In the first few minutes of the trading day, a great deal of overnight emotion is captured. Sometimes special events cause chaos. For example, on the New York Stock Exchange it may take several minutes for the market maker (used to be a specialist) to open a stock for trading because of a large order imbalance. However once a stock or commodity does open, a point of reference has been established. From this reference point, trading decisions are made throughout the day. The Japanese believed that the period of time from the close of trading in the previous session to the current session’s open is very important. Many things can happen during that time to affect a trader’s decisions.

As the trading day progresses, extremes are reached as speculator emotion is tossed around. These extremes of emotion are recorded as the high and low of the trading day. Finally, the trading day ends and the last trade is recorded as the closing price. This is the price that many will use to help make decisions about their positions and the tactics they will use at the open of the next trading day.

So how through the daily ebb and flow of human emotion does one determine the existence of a candlestick pattern? Most candlestick patterns require the identification of not only the data relationship making the pattern, but also the trend immediately preceding the pattern. The trend is what sets up the psychology of traders for the candle pattern to develop.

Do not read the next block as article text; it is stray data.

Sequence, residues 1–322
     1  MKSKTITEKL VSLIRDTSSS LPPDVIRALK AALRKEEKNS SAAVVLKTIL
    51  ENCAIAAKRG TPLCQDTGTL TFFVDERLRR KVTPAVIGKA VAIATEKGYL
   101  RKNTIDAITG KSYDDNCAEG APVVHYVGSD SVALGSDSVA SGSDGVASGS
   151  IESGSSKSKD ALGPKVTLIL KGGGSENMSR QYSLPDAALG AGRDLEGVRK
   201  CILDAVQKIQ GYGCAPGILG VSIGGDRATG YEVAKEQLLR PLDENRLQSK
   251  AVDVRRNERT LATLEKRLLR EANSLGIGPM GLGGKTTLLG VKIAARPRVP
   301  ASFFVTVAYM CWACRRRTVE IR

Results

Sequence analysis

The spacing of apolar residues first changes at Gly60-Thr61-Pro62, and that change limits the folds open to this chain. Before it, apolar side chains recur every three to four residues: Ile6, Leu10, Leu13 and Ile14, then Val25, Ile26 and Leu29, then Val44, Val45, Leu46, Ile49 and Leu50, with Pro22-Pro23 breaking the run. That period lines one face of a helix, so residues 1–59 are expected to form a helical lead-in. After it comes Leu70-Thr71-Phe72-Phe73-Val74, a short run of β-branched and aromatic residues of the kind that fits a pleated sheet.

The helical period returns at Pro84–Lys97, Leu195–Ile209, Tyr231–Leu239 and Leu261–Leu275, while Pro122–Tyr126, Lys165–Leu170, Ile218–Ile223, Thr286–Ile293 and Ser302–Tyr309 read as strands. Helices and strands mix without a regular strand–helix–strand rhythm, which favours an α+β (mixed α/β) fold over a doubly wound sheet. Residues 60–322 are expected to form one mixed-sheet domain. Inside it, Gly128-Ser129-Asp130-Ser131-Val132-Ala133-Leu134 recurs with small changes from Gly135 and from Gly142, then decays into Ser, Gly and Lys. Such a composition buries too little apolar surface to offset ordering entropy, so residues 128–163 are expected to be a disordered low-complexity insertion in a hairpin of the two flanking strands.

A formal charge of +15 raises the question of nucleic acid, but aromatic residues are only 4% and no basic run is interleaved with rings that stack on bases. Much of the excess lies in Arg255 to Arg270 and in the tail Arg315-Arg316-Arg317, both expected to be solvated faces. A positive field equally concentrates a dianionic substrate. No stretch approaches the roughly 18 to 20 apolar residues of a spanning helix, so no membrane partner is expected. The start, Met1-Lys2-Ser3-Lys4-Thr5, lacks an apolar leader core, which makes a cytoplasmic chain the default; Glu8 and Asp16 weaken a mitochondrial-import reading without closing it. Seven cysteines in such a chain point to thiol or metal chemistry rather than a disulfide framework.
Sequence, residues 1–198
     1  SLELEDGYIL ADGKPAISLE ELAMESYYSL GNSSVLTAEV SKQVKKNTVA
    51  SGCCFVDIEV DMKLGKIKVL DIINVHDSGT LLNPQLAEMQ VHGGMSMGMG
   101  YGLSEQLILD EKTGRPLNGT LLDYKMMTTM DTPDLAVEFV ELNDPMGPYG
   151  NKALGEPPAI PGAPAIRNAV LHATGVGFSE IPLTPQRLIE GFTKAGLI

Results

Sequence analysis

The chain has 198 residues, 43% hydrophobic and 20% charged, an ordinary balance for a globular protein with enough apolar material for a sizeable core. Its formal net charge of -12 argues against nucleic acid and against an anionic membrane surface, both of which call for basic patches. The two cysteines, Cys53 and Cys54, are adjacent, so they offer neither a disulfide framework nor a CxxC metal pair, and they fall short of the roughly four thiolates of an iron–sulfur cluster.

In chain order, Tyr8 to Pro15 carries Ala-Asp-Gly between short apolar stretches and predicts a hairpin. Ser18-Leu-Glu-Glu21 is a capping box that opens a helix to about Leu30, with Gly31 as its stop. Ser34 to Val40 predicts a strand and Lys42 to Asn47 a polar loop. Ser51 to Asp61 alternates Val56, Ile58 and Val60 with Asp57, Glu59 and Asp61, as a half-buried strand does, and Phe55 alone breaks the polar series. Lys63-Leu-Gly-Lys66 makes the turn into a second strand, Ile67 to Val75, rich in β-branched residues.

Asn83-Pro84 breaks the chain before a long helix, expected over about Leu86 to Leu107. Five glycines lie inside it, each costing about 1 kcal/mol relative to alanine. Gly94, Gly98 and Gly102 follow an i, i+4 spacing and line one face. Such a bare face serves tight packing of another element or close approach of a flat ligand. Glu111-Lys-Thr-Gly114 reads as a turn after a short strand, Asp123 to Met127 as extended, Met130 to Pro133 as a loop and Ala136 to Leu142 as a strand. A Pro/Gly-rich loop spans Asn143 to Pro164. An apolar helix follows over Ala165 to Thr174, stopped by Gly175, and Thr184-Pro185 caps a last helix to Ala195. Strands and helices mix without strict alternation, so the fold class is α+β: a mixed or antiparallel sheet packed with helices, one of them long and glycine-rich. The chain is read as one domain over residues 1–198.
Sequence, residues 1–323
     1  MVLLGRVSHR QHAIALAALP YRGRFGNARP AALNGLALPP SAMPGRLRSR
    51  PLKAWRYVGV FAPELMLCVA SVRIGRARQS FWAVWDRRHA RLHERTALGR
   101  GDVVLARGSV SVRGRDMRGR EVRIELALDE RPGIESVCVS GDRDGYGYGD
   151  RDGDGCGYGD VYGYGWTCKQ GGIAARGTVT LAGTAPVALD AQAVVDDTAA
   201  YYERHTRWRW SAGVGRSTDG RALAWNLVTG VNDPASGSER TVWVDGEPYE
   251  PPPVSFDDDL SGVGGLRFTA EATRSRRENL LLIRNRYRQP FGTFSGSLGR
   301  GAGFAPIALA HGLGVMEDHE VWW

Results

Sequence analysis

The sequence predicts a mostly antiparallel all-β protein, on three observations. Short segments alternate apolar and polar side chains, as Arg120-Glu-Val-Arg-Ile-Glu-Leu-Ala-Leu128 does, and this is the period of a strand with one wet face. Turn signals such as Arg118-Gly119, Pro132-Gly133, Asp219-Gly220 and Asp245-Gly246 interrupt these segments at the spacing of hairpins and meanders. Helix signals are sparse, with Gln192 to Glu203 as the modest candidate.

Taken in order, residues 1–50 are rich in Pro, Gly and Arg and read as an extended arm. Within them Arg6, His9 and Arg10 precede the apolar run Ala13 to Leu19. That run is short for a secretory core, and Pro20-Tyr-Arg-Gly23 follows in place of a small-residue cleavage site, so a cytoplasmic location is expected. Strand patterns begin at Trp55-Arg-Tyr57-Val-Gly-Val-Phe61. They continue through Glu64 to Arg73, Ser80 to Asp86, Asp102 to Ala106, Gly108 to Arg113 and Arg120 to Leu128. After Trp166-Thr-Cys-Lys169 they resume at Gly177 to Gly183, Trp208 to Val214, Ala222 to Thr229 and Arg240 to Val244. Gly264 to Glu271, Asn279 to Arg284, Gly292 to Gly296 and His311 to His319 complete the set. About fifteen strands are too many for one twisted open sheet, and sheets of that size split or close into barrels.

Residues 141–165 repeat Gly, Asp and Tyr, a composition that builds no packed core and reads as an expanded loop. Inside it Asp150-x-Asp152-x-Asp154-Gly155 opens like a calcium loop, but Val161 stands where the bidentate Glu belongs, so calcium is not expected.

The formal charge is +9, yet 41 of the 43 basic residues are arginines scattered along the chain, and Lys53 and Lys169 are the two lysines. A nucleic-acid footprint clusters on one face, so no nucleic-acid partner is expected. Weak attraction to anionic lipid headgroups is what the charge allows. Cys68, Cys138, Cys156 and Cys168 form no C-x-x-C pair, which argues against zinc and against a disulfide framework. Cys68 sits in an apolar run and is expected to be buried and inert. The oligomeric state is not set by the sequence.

It must be stated here that Japanese candlestick analysis is short term analysis (one to seven days in my opinion). Any patterns that give longer term results are surely coincidental. That does not mean that longer term price movements cannot begin from candlestick patterns, but the patterns themselves should only be used as short term trade triggers.

Think of human psychology as the wild card that can trump even the soundest of trading preparation and analysis. When trading, the risk of human psychology is addressed through the use of stop loss orders (a future article).

What is a trend? Technical analysis books deal with the subject of trend quite thoroughly and define it in a number of ways. One of the most common approaches is to use a *moving average, *which smooths the data being presented*. *A moving average is exactly the same as a regular average (mean) except that it “moves” because it is continuously updated as new data becomes available. When a moving average is rising, the trend is up (uptrend). Conversely, when a moving average is falling, the trend is down (downtrend). A close below a moving average in an uptrend or above a moving average in a downtrend may be a clue that the trend may be ready to change, but the main determinant of trend is the direction of the moving average itself. A moving average is typically computed using the closing prices of whatever time period being used. There are also many different types of moving averages used in market analysis but the two most common are simple and exponential. Hey, I know what some of you are thinking. We are StockCharts.com members and already know all this stuff. I apologize, but a refresher hurts no one.

The simple or arithmetic moving average is the easiest to compute. To compute a simple 10 day moving average, add up all of the closing prices over the last 10 days and divide by 10. A simple moving average gives equal weight to each of the closing prices, which means that the closing price ten days ago means just as much in the calculation as today’s closing price.